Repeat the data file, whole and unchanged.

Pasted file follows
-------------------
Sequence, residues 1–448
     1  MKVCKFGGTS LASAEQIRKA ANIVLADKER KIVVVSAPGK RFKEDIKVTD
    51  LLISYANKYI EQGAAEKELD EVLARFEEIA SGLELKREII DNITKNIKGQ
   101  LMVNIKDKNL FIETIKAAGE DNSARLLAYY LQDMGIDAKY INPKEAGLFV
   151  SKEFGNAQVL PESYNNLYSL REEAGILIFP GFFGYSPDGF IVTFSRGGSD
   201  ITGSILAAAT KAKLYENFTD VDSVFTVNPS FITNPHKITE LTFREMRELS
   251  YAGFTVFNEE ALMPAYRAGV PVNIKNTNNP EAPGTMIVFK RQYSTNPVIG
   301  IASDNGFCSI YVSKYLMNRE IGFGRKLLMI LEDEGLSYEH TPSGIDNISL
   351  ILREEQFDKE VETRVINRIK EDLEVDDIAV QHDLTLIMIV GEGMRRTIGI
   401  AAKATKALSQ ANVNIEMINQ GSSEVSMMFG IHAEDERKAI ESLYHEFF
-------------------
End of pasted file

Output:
Sequence, residues 1–448
     1  MKVCKFGGTS LASAEQIRKA ANIVLADKER KIVVVSAPGK RFKEDIKVTD
    51  LLISYANKYI EQGAAEKELD EVLARFEEIA SGLELKREII DNITKNIKGQ
   101  LMVNIKDKNL FIETIKAAGE DNSARLLAYY LQDMGIDAKY INPKEAGLFV
   151  SKEFGNAQVL PESYNNLYSL REEAGILIFP GFFGYSPDGF IVTFSRGGSD
   201  ITGSILAAAT KAKLYENFTD VDSVFTVNPS FITNPHKITE LTFREMRELS
   251  YAGFTVFNEE ALMPAYRAGV PVNIKNTNNP EAPGTMIVFK RQYSTNPVIG
   301  IASDNGFCSI YVSKYLMNRE IGFGRKLLMI LEDEGLSYEH TPSGIDNISL
   351  ILREEQFDKE VETRVINRIK EDLEVDDIAV QHDLTLIMIV GEGMRRTIGI
   401  AAKATKALSQ ANVNIEMINQ GSSEVSMMFG IHAEDERKAI ESLYHEFF